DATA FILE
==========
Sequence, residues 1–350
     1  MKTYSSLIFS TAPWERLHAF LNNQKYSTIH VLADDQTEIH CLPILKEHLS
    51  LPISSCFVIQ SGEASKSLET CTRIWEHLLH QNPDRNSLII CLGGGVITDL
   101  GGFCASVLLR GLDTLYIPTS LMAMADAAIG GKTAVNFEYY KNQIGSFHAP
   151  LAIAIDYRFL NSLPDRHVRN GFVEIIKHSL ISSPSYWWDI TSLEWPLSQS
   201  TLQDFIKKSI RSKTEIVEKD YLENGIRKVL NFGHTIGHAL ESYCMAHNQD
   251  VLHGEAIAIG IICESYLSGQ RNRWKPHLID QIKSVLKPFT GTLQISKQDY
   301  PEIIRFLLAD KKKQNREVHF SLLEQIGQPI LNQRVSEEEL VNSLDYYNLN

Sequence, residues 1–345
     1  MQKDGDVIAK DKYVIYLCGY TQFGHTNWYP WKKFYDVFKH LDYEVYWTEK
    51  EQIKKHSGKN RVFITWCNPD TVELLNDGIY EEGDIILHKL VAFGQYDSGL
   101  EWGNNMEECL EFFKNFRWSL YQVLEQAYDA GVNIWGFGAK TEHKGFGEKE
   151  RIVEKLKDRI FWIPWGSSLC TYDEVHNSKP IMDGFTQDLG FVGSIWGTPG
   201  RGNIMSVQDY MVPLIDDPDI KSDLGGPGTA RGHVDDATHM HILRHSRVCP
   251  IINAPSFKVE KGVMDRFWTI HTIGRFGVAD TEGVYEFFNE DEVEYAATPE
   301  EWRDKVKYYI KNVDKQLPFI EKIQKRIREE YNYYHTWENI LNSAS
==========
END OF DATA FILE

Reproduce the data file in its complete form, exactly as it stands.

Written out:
Sequence, residues 1–350
     1  MKTYSSLIFS TAPWERLHAF LNNQKYSTIH VLADDQTEIH CLPILKEHLS
    51  LPISSCFVIQ SGEASKSLET CTRIWEHLLH QNPDRNSLII CLGGGVITDL
   101  GGFCASVLLR GLDTLYIPTS LMAMADAAIG GKTAVNFEYY KNQIGSFHAP
   151  LAIAIDYRFL NSLPDRHVRN GFVEIIKHSL ISSPSYWWDI TSLEWPLSQS
   201  TLQDFIKKSI RSKTEIVEKD YLENGIRKVL NFGHTIGHAL ESYCMAHNQD
   251  VLHGEAIAIG IICESYLSGQ RNRWKPHLID QIKSVLKPFT GTLQISKQDY
   301  PEIIRFLLAD KKKQNREVHF SLLEQIGQPI LNQRVSEEEL VNSLDYYNLN

Sequence, residues 1–345
     1  MQKDGDVIAK DKYVIYLCGY TQFGHTNWYP WKKFYDVFKH LDYEVYWTEK
    51  EQIKKHSGKN RVFITWCNPD TVELLNDGIY EEGDIILHKL VAFGQYDSGL
   101  EWGNNMEECL EFFKNFRWSL YQVLEQAYDA GVNIWGFGAK TEHKGFGEKE
   151  RIVEKLKDRI FWIPWGSSLC TYDEVHNSKP IMDGFTQDLG FVGSIWGTPG
   201  RGNIMSVQDY MVPLIDDPDI KSDLGGPGTA RGHVDDATHM HILRHSRVCP
   251  IINAPSFKVE KGVMDRFWTI HTIGRFGVAD TEGVYEFFNE DEVEYAATPE
   301  EWRDKVKYYI KNVDKQLPFI EKIQKRIREE YNYYHTWENI LNSAS